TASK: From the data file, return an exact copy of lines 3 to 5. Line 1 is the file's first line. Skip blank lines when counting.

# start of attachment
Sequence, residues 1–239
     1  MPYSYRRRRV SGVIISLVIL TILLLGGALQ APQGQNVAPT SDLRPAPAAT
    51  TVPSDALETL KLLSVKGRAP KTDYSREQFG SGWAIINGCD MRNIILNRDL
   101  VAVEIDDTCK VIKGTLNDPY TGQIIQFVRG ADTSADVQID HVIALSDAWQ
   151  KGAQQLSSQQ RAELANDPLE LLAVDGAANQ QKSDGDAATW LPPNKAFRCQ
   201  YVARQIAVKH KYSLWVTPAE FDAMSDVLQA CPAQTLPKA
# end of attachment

    51  TVPSDALETL KLLSVKGRAP KTDYSREQFG SGWAIINGCD MRNIILNRDL
   101  VAVEIDDTCK VIKGTLNDPY TGQIIQFVRG ADTSADVQID HVIALSDAWQ
   151  KGAQQLSSQQ RAELANDPLE LLAVDGAANQ QKSDGDAATW LPPNKAFRCQ